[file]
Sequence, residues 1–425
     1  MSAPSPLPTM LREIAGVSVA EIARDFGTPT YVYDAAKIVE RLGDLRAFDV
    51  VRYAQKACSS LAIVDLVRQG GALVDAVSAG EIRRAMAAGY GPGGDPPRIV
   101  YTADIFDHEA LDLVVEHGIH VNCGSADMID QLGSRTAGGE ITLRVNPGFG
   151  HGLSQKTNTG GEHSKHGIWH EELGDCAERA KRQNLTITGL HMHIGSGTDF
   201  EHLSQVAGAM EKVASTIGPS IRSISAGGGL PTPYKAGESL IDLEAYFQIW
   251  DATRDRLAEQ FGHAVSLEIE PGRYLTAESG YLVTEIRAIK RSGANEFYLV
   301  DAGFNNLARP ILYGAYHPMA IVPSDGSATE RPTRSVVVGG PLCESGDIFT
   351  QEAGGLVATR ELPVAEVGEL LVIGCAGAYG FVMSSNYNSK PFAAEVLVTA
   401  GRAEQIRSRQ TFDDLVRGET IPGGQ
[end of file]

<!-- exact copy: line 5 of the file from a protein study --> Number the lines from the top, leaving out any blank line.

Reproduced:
   151  HGLSQKTNTG GEHSKHGIWH EELGDCAERA KRQNLTITGL HMHIGSGTDF